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jhays79 01-05-2013 02:08 PM

Actinic bulb just for looks??
If I use an actinic bulb to brighten my tank up a little bit will it effect the plants or cause algae? I like the way the blueness of the actinic brightens up my tank and balances out the pink look of the 6700k bulb I have.

jhays79 01-05-2013 08:32 PM

No thoughts on this??

Rob in Puyallup 01-05-2013 08:56 PM

Have you thought of using a 50/50 fluorescent? Half of that is actinic.

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jhays79 01-05-2013 09:33 PM

I actually removed the actinic bulb now. It was almost too blue and didn't look natural. Now I have just the two bulbs, one is 6700k and the other is 10000k.

The Dude 01-05-2013 09:35 PM

I'm planning on adding an actinic to two of my tanks. I've seen pics and I like it. I don't think it would be suitable for all night, but definately for a couple hours before bed

Rob in Puyallup 01-05-2013 09:40 PM

50/50 makes for a natural colored light but brings out more vivid color.

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jhays79 01-05-2013 10:24 PM

What are 50 50 bulbs and where do you get them?? I have a t5no fixture, do they makes them for that?

Rob in Puyallup 01-05-2013 10:35 PM

Fifty percent actinic, fifty percent daylight, I believe. Not sure the sizes available. Googling "50/50 fluorescent" should tell you.

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jhays79 01-05-2013 10:39 PM

Looks like they're only available in t8 size bulbs...

The Dude 01-09-2013 05:43 PM

I went with a 50 50 actinic and it looks great. Very white with a slight blue tint. Looks very clean

micheljq 01-10-2013 06:34 PM

Actinic bulbs have a purpose in some saltwater tanks to grow coral I believe.


james1542 01-10-2013 06:39 PM

There was a recent thread about blue light:

There were some pretty interesting reports, that suggest it can greatly promote plant growth, but I'll believe it when I see it.

scbrooks87 01-10-2013 07:14 PM


Originally Posted by micheljq (Post 2203426)
Actinic bulbs have a purpose in some saltwater tanks to grow coral I believe.


Coming from a reef background, the actinic lighting isn't what actually makes the coral grow better, the natural daylight color is, but the actinic is for aesthetics, it makes the coral POP in color, and makes the fish color stand out as well. Take a look at a reef tank with only white lights, it will be one of the uglier things you'll ever see lol.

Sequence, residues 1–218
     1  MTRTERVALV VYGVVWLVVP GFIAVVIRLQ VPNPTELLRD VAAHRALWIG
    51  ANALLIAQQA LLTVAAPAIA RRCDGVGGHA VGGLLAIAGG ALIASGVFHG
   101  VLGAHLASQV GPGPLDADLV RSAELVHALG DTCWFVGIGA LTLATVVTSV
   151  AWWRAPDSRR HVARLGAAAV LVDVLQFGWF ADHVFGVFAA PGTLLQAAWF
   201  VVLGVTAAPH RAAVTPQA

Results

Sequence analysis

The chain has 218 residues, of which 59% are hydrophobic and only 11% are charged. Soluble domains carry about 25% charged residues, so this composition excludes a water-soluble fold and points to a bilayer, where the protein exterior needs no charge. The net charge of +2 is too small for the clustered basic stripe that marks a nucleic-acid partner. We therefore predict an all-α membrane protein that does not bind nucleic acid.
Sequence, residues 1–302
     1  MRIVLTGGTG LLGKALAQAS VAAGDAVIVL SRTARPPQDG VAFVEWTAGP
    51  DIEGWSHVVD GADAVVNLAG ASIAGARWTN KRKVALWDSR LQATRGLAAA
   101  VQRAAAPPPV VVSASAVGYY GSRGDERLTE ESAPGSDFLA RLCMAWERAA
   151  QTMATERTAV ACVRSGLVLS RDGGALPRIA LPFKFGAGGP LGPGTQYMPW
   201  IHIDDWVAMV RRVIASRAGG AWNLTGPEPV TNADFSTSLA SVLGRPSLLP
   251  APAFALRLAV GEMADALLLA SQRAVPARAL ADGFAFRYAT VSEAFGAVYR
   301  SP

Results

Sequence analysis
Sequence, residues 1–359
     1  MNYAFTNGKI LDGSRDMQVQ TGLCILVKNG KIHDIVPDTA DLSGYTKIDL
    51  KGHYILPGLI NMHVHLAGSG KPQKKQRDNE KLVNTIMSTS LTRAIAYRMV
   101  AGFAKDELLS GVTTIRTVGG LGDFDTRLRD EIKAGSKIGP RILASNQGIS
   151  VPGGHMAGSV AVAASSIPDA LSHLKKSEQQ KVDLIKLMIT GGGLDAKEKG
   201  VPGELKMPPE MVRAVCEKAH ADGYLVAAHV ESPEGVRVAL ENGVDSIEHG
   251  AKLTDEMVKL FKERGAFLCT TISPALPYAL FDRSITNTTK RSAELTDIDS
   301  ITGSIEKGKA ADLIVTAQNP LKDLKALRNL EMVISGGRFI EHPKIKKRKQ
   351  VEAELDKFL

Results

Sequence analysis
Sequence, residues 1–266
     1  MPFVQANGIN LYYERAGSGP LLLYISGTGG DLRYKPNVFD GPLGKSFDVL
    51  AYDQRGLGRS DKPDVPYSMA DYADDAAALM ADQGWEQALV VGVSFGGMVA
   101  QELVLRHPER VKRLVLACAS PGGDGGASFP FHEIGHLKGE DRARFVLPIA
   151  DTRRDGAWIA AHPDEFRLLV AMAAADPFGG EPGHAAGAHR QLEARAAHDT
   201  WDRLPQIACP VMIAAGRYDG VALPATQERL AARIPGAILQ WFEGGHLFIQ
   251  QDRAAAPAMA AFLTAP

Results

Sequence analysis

Now on topic here, I doubt actinic will hurt anything in a planted tank, it's just another spectrum of light, if you like the aesthetics of it, go for it! Post pics if you do. I personally think some natural daylight bulbs make plant color pop better, but that's me. :)


Sluggo 01-11-2013 01:15 AM

The "actinic" bulbs in reef lighting come in two varieties (actually three.) There are 420nm "true" actinics (a/k/a "actinic 03"), which are more purple in color. Then there are 460nm actinics, which are more blue in color. In power compact lighting, a "dual actinic" is available, with one half at 420nm and one half at 460nm. None of these types of actinics actually have any special benefit to corals, they just provide better aesthetics. Don't know if any of these would be beneficial to freshwater plants, but they may look better depending on your taste. I prefer using the 420nm and 460nm together in my reef tank.

"50/50" bulbs are usually one side 10000K and the other side actinic. "Dual daylight" bulbs are usually 10000K on one half and 6700K on the other. I do not know that these are available in anything other than power compact.

Adam T 01-11-2013 01:55 AM

Actinic bulbs (420nm) do not add anything really beneficial for plants (or corals for that matter) they are there to make cetain corals flouresce. Blue bulbs in the 460nm range are useful for plants however. A bulb like ati blue plus or a geiseman actinic plus isnt a bad addition provided you have more than four bulbs over your tank. If you google "grow light leds" you will notice they are mostly blue and red. Honestly in a two bulb fixture a red bulb like an aquaflora or power glo and an ati blue plus would probably do a great job growing plants, but the color rendering wouldnt be so great.

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